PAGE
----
There is nothing more enjoyable in my life than watching a film and having my mind blown. It has happened many times over the years, especially in horror films. Horror just encompasses such a wide spectrum of ideas, it is a shock and surprise when you pop a movie in and this happens. Films like Irreversible, Inside, Calvaire, Angel Heart, The Cell, Dead Ringers, High Tension have all shattered what I thought going into them. And they are films that have stuck with me long after viewing. You can add a new film to that list with Richard Bates Jr.’s Excision.
Pauline (AnnaLynne McCord) is not a popular girl. In fact, Pauline is quite delusional and disturbed. She has aspirations of one day being a surgeon, but alienates herself from everyone around her with her strange behaviour. She hates her mother (Traci Lords), is indifferent to her father (Roger Bart), and cares a great deal for her younger sister Grace (Ariel Winter) who has Cystic Fibrosis. She wants nothing more than to one day become a surgeon so she can fix her sister’s diseased lungs. She also hates the popular girls at school and has fantasies of performing graphic surgeries on them. But amongst her quests to lose her virginity and make it through each day of school intact, Pauline must also deal with balancing reality with her vivid imagination.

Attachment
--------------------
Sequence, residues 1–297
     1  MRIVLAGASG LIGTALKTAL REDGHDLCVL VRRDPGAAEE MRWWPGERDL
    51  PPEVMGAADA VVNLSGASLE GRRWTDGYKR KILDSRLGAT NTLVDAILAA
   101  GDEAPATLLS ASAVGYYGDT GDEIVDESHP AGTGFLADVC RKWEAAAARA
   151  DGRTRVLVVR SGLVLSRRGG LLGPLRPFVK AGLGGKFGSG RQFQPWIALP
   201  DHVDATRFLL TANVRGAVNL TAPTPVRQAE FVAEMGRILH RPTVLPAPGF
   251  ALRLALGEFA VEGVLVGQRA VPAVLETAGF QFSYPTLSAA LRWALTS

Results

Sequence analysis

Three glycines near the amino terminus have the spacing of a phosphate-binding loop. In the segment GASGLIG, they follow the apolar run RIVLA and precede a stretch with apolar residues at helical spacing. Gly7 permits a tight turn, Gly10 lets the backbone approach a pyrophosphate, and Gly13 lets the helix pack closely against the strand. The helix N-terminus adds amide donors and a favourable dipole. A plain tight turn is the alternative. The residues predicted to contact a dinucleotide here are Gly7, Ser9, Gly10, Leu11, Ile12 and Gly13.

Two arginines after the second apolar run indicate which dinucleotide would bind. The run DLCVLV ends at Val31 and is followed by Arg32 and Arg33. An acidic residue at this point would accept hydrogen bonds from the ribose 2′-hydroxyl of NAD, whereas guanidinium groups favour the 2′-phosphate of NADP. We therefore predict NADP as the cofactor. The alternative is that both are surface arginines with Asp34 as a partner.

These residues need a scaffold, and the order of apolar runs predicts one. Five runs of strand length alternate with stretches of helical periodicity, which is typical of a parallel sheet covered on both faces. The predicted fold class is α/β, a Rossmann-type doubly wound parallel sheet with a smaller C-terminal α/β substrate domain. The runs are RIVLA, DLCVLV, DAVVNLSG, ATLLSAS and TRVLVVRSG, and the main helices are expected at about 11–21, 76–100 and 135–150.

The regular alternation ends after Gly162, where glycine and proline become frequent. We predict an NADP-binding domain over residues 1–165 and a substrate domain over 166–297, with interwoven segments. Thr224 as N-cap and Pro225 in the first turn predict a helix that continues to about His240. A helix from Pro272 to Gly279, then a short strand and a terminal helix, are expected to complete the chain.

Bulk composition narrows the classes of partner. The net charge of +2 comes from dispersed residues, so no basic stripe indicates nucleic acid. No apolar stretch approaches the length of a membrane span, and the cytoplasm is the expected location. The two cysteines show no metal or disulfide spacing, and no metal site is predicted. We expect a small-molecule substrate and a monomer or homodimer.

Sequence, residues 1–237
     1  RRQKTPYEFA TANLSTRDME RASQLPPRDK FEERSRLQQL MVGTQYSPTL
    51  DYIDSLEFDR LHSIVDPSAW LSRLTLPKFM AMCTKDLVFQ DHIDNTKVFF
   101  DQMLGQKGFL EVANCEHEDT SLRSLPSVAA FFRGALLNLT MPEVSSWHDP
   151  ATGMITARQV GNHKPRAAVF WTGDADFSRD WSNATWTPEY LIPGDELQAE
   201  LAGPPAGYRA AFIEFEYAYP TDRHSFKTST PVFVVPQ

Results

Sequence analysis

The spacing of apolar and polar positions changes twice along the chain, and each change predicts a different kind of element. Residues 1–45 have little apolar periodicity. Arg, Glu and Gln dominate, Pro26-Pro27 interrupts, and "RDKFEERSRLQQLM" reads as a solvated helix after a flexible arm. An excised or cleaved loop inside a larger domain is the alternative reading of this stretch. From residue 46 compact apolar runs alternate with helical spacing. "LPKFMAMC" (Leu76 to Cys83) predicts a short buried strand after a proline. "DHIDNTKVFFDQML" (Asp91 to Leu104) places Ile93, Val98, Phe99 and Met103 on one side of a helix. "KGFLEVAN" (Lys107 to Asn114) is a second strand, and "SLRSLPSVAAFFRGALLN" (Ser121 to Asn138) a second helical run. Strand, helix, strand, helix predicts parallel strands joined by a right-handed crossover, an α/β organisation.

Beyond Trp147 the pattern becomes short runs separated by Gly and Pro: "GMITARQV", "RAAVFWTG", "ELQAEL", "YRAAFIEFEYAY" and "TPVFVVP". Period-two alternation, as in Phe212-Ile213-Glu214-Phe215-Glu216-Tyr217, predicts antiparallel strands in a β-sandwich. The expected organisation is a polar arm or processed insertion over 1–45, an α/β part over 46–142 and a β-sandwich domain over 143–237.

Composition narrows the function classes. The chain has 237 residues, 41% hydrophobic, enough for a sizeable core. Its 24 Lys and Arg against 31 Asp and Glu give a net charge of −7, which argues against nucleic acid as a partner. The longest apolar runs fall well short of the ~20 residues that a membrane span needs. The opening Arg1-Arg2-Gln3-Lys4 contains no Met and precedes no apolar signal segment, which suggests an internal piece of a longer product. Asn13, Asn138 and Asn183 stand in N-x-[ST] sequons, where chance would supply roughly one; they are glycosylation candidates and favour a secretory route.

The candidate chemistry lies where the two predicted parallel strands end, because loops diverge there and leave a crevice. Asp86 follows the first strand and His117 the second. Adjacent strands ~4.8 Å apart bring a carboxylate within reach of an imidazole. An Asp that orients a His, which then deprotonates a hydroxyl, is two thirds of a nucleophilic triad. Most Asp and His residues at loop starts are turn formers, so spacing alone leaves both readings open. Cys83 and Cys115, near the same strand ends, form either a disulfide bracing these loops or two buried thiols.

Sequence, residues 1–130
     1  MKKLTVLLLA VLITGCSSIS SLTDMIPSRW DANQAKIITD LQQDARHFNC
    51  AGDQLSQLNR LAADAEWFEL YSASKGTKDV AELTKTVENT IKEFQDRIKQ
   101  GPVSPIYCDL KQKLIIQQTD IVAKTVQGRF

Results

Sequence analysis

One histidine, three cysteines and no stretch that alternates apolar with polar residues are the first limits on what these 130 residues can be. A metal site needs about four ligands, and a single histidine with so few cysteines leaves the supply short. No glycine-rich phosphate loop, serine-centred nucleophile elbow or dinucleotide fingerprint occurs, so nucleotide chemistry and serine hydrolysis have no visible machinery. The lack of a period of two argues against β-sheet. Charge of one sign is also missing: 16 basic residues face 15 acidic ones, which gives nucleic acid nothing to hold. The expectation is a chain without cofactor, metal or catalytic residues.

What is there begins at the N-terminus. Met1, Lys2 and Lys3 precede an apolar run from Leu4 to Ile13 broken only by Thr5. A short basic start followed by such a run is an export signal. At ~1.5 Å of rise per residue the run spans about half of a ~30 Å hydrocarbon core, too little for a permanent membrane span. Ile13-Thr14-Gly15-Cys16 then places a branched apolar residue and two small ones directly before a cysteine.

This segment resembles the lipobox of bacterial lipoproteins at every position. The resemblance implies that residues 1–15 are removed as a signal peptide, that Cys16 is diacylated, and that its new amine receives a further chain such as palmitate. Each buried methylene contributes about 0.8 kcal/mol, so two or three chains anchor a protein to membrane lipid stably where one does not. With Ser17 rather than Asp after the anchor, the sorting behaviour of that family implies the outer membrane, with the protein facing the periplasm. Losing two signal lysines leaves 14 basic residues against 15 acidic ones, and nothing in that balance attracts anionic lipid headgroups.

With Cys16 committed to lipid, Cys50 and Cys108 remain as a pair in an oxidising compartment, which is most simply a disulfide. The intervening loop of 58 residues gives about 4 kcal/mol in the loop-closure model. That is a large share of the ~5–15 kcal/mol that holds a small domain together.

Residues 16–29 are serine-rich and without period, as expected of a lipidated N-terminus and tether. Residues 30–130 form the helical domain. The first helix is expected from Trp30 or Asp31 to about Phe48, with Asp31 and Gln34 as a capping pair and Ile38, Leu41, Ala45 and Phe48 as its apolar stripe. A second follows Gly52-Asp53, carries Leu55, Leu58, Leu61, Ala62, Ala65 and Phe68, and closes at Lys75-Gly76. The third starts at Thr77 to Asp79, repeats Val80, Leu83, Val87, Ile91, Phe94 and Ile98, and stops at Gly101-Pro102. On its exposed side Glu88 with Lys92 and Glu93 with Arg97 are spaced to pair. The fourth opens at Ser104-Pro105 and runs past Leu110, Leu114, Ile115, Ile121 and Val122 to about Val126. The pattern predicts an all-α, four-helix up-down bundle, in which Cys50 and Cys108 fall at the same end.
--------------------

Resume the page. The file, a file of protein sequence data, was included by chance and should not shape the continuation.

From the very first frames of Excision, you will know you are in store for something different. And as soon as you meet Pauline, you know you are dealing with someone who is not right in the head. Pauline has no social awareness at all, she lives in her own distorted reality and thinks everything and everyone else is screwed up. In the role of Pauline, AnnaLynne McCord is a revelation. This former model and star of 90210 sheds all vanity and transforms herself into the ultimate high school reject. Pauline always looks unwashed, has bushy eyebrows, has no tact when talking to others, and has ratty long hair and an acne ridden face. In her fantasies she is done up and sexualized, a person of power and dominance over all she interacts with. She is the supreme ruler in her fantasy world and all others are just playthings. In all versions of Pauline portrayed within this story, McCord is striking. The supporting cast are all great here as well, especially with Pauline’s parents. Traci Lords definitely shines in her best role ever as the domineering mother of Pauline. She is spiteful and favors her younger child over Pauline. She tries to mother Pauline but is repulsed by her at the same time. The counter to Lord’s crazy mother is Roger Bart’s indifferent father. Bart always steals the show when he takes a role, and was the main reason I loved Hostel II. Here is just a dad trying to get through each day with a sick daughter, a strange daughter and a high strung wife. He would like nothing better than to just watch TV and eat ice cream, but he can’t even do that without catching hell. His facial expressions alone make his performance memorable. But it is in the construction of the film itself that Excision really stands out. Richard Bates Jr. masterfully handles the balance of Pauline’s reality and her shockingly drastic fantasies. The reality parts play out like a quirky blend of Superbad and We Need to Talk About Kevin, while the fantasy sequences are in a world of their own and are hard to compare to anything. But somehow Bates Jr. makes the transitions work, and when the final credits roll, you will definitely be talking about Excision to other people. A pleasant surprise, a strange and disturbing ride, some laughs along the way, and an unmistakeable signature style make Excision one of the most unique films of the year and an experience that is not to be passed up. Recommended.